10

In Debian 10, the upgraded OpenSSL package has more secure defaults (per https://wiki.debian.org/ContinuousIntegration/TriagingTips/openssl-1.1.1) which causes problems for some of my existing application configurations.

Changing /etc/ssl/openssl.cnf to use CipherString = DEFAULT@SECLEVEL=1 keeps my old configurations working but of course that's a system-wide change.

What I am wondering is if it is possible to keep the system default of CipherString = DEFAULT@SECLEVEL=2 and change this setting at a more granular level?

Specifically, I would like to change the setting on a per-site level in Apache if possible.

3
  • The setting is typically per application. For Apache, look at httpd.apache.org/docs/2.4/mod/mod_ssl.html#sslciphersuite Aug 29, 2019 at 5:29
  • @PatrickMevzek I believe the CipherString is different from the SSLCipherSuite (i.e. I can't see how to specify a SSLCipherSuite directive that is functionally identical to the openssl.cnf CipherString options)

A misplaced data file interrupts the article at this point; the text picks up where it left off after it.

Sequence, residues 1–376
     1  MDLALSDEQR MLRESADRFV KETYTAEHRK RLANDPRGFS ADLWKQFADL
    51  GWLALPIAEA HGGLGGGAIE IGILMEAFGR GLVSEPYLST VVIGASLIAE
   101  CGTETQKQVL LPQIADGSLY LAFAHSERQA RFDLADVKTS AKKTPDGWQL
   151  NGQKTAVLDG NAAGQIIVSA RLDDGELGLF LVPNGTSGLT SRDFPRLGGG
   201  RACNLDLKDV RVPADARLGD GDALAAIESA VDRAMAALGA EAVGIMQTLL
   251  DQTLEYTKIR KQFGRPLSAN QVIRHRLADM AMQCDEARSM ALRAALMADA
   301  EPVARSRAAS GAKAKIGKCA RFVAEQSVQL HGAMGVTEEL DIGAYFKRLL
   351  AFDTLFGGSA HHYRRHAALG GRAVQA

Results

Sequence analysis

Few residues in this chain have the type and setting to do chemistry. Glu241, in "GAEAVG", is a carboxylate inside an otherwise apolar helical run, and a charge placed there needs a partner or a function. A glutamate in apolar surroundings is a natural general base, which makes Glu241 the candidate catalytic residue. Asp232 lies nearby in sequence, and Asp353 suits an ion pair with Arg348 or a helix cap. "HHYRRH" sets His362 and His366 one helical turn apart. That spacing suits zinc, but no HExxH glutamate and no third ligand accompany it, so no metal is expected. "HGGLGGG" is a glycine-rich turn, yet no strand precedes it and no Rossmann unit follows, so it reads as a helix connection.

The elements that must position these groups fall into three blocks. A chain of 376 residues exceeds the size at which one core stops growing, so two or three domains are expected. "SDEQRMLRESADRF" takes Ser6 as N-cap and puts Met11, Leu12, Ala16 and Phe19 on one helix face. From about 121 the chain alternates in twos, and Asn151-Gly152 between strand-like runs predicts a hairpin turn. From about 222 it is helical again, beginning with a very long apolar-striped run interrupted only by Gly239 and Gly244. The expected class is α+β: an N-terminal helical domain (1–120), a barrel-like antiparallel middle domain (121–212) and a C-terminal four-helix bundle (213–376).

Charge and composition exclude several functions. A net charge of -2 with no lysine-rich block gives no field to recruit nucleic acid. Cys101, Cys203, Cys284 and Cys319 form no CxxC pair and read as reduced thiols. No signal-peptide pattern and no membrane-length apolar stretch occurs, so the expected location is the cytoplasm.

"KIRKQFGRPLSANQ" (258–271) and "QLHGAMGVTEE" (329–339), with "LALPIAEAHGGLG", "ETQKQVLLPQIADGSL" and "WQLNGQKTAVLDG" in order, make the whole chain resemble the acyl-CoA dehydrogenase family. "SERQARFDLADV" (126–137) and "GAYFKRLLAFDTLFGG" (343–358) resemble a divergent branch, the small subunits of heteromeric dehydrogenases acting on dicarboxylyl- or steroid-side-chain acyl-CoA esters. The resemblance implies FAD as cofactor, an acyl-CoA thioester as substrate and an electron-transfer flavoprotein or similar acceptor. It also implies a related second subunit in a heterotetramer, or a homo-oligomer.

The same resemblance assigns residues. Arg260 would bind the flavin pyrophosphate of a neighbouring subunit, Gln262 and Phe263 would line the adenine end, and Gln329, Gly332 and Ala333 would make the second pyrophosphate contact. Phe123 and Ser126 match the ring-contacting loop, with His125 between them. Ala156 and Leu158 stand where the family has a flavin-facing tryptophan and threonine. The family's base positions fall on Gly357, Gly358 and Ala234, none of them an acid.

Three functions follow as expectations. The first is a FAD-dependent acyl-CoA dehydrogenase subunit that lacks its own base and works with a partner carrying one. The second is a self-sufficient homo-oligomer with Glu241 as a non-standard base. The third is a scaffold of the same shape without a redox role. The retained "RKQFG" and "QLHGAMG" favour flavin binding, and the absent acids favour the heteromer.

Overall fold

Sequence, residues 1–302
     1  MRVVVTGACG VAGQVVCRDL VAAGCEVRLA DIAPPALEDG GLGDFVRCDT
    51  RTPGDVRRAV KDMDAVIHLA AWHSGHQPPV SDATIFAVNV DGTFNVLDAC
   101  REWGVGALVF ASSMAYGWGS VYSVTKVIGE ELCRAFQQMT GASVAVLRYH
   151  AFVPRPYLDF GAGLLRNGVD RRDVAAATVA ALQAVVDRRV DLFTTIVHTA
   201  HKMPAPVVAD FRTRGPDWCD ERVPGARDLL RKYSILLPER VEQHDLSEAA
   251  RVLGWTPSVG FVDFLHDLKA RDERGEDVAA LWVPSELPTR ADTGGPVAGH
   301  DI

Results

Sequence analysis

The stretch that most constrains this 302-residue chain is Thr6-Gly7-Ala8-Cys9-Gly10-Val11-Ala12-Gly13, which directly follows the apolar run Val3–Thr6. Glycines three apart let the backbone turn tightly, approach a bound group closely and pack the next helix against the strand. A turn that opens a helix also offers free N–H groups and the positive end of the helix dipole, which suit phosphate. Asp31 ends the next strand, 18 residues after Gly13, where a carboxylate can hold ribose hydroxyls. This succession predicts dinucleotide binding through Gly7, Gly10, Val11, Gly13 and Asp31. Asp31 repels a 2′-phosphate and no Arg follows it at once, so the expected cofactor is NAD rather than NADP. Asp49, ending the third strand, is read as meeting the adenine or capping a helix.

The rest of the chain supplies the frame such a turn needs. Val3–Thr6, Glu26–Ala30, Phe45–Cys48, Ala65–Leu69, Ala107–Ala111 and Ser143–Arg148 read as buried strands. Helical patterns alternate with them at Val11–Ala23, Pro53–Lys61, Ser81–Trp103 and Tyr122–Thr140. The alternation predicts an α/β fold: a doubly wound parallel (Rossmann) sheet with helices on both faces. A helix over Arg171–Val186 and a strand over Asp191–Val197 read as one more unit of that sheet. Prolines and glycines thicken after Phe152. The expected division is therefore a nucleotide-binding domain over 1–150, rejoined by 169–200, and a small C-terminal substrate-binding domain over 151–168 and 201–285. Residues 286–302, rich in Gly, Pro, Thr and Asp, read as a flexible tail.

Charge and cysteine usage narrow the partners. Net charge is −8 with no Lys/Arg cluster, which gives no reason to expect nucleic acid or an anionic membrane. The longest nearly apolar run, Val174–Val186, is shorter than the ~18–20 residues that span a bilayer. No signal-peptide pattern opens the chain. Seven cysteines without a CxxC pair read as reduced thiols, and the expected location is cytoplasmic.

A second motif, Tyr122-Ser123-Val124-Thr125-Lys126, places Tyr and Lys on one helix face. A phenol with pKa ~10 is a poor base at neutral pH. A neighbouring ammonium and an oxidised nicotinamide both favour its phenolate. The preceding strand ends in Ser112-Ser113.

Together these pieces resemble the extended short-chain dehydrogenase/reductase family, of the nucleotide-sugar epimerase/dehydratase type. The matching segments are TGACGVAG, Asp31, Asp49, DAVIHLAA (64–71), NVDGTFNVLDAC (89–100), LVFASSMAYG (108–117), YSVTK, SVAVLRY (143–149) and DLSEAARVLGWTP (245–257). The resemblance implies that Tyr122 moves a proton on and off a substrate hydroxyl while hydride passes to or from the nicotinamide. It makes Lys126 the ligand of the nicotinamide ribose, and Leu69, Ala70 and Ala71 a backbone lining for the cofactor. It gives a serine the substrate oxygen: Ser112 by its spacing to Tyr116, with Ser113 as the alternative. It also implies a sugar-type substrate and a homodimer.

– blihp
    Aug 30, 2019 at 3:06
  • 4
    /etc/ssl/openssl.cnf is just a default OpenSSL configuration, it is not necessarily used by applications. You are not clearly specifying which applications you use that depend on this file. The two are the same thing: do openssl ciphers -s -v 'ALL:@SECLEVEL=2' and you will the specific ciphers that are included, which you can use then in your Apache configuration. Also search for SECLEVEL on access.redhat.com/articles/3652701 you will see you can use it directly in Apache configuration... Aug 30, 2019 at 3:11

1 Answer 1

3
  • Override system default with user level environment:
    • An empty file will do: touch ~/.openssl.cnf
    • BASH define & export: export OPENSSL_CONF=~/.openssl.cnf
  • Wrap application within a script: export OPENSSL_CONF=/dev/null
2
  • I think that this answers the opposite to the original question. Dec 26, 2020 at 22:00
  • Yes, original question is for per site granularity. I point out user level granularity may be useful if per site remains elusive. Dec 28, 2020 at 3:41

You must log in to answer this question.

Not the answer you're looking for? Browse other questions tagged .